By Jason Zigmont
Whenever I visit different fire departments and talk to senior members, they all seem to say the same thing: "The fire service is not the way it used to be." They may have a point. It's not just the ever-changing technology and regulations. The biggest change seems to be in the decay of the brotherhood of firefighters.
There was a time when you could rely on your fellow firefighters for help with anything and the firehouse was the center of the community. Now you are lucky if you know the names of your brethren. When it comes to volunteer departments, the sense of community that the firehouse brought to its members was a large part of why people would volunteer.
The lack of brotherhood may be a part of the reason why we are having trouble recruiting and retaining members. I grew up in a fire department — my father was Chief, among other titles. Looking back, every member of the department knew each other and all the families grew up together. Family picnics and carnivals were the norm, and Santa Claus always visited on a fire truck.
Big events meant that the entire family would be involved and the Women's Auxiliary was always there to help. Parades and parties were legendary and are still spoken about fondly 30 years later.
When my father was burnt badly in a gas explosion, the department was there for him both in person and in raising funds. Anytime anyone needed help, they were there. Family members would get visits when they were sick and if you needed a hand painting anything, half a dozen guys would show up with rollers, pizza and beer.
Even common courtesies have been lost. It used to be that if one of your family members passed, that the entire department would be at the funeral in full dress uniform, maybe even with an honor guard. Now you are lucky if your department sends a sympathy card.
It's no great mystery why we've ended up here. Fire departments historically had generations of members from the same family; there was no doubt that your son or daughter would join the department because it was where they grew up and a part of their life.
Now we are begging people to volunteer and saying that volunteerism is dying. We are very good at serving our communities — but our members and families seem to have become secondary. Even worse, some departments are so segmented that they help those members they "like" and not others, causing widespread dissention.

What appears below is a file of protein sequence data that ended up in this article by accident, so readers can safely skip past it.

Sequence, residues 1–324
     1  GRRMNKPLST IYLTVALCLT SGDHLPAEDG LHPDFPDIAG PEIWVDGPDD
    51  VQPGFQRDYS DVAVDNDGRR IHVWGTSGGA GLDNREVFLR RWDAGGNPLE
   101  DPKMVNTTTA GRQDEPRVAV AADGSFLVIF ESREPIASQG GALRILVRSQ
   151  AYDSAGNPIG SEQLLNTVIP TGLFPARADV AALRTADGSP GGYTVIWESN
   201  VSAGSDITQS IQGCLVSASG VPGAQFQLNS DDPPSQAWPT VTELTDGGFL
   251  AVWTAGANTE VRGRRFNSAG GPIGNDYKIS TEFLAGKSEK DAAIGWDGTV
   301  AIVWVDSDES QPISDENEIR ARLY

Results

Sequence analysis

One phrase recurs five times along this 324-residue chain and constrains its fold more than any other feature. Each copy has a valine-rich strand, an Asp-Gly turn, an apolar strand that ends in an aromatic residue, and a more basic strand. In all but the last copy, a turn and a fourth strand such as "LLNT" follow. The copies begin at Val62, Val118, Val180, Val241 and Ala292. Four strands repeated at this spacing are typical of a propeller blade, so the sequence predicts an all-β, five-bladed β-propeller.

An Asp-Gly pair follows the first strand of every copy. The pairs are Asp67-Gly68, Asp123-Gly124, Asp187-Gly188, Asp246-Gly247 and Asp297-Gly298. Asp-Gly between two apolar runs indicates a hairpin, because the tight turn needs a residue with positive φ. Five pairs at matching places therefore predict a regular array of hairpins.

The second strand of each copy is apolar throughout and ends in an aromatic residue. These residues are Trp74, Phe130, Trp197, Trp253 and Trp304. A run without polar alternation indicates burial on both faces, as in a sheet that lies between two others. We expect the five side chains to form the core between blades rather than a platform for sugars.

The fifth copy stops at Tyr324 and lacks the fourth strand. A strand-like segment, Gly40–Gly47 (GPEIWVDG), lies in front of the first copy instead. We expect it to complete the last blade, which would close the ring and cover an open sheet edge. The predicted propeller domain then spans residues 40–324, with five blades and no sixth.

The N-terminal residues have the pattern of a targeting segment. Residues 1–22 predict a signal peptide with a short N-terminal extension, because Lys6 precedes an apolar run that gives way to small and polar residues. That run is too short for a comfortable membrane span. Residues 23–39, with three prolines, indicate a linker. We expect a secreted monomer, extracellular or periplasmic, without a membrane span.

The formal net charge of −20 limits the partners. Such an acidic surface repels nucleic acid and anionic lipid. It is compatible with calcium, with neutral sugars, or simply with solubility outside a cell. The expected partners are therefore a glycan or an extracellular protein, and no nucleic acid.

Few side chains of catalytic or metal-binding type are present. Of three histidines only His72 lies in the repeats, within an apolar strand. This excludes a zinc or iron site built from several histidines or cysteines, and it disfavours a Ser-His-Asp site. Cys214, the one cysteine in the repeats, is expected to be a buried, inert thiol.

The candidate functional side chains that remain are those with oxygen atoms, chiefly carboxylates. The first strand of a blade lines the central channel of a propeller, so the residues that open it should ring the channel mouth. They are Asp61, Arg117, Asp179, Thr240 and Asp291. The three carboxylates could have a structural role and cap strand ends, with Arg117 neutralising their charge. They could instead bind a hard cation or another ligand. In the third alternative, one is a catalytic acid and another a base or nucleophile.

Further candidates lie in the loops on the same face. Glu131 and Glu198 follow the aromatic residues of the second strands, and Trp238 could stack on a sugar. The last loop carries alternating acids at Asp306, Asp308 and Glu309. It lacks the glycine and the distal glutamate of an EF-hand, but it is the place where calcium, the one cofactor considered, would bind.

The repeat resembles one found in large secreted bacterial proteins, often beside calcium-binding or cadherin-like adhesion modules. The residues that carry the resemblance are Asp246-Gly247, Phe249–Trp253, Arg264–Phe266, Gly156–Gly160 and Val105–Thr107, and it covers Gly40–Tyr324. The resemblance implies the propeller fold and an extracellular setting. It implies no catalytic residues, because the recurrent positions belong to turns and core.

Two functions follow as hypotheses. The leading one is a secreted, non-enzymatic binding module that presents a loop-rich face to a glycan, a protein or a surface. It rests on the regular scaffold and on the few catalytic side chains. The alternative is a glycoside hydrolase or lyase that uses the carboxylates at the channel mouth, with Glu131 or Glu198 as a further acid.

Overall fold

Maybe rather than pointing our fingers at volunteerism or changes in our community, we should look at the changes within our department. Our members — whether you like them or not — must always come first and we should always be able to count on each other. This should not be limited to the fireground, but encompass everyday life, too. Members should not have to ask for help but know that their fellow firefighters are there no matter what is going on. Departments regularly respond to public calls for help, but overlook our own.
If you think about your department, you can probably name a handful of members who could use a helping hand today! We all have members who are out of work, serving overseas, or who have a family member or are sick themselves. Little acts of support go a long way toward showing members the department as a whole values them and their contribution to it.
The question is, what are we doing to help them? How about visiting their sick loved one in the hospital or cooking a dinner for them and their family? If they are serving our country overseas, how about your department volunteers to help with the upkeep of their house and members take turns mowing the lawn? How about holding a fundraiser for your out-of-work members to help them make ends meet? For the volunteer service, throwing money at recruitment and retention rarely works, but supporting your fellow firefighters does.
The brotherhood may be fading, but it is not gone completely, and it can be salvaged. I challenge each of you to do one good act for a fellow member each week. It can be as simple as making a phone call to see how they are doing, but you will be amazed at the results. If each of us can commit to doing one good thing each week, I guarantee that within a year you will have a completely different department.
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